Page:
part one of this tbd series deals with starting a brand new install from scratch on pantheon, or migrating an existing site (local or remote) onto patheon. but first:
a brief foray into pantheon terminology
pantheon has three main ways of categorizing your wordpress build. two make sense.
code: your entire file structure of your wordpress directory. basically everything except the database. oh, and, somewhat inexplicably, without the uploads* folder. you’ll need it, but i’ll get to that.
*located at wp-content/uploads
database: er, yeah, the database, in the form of an SQL dump.
files: here’s where it gets a little weird. for reasons that my cursory googling could only partially figure out (storage, size reasons), pantheon keeps everything normally in an uploads folder in a separate root directory called “files”. so that’s a thing.
Continue reading pantheon.io and wordpress: starting, migrating, or importing a site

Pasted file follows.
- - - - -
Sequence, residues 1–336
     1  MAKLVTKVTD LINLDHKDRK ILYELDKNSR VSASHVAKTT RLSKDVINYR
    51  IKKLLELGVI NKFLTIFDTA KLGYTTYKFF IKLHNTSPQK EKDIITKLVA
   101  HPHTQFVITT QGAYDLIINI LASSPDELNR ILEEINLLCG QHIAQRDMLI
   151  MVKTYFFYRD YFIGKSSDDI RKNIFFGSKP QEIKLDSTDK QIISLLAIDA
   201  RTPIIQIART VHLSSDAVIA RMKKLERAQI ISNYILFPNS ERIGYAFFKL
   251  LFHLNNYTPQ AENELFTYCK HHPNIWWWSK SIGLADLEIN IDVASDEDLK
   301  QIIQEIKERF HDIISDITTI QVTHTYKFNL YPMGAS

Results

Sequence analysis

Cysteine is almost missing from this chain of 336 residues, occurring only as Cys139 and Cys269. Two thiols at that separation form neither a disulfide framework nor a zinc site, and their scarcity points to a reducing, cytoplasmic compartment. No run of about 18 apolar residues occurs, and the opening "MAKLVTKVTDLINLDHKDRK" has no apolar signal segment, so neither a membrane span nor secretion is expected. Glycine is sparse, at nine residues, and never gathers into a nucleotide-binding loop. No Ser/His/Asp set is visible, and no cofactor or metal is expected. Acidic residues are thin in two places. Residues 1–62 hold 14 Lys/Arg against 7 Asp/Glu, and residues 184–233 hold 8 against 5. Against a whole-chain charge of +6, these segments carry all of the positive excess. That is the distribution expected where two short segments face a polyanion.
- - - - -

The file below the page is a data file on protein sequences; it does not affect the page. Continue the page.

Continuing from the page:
i’m in class today, so a lot of these helpful hints have to be attributed to my professor, Andrew Smyk.
today we’re talking about how to get your website noticed and up to responsive web design standards. my professor purposefully broke his website and made his code terrible as a teaching tool. a pretty effective tool, at that. it’s like a scavenger hunt for bad code!
anyway, here are some dos and don’ts for all of your beautiful webpages:
- DO: a favicon. let me repeat that. a favicon. apparently this will increase clickability in the browser by 50%. you know how when you have a bunch of tabs open you’re more likely to go back to the tabs with pretty pictures instead of a nondescript blank page icon? yeah. that.
Continue reading thoughts from today in responsive web design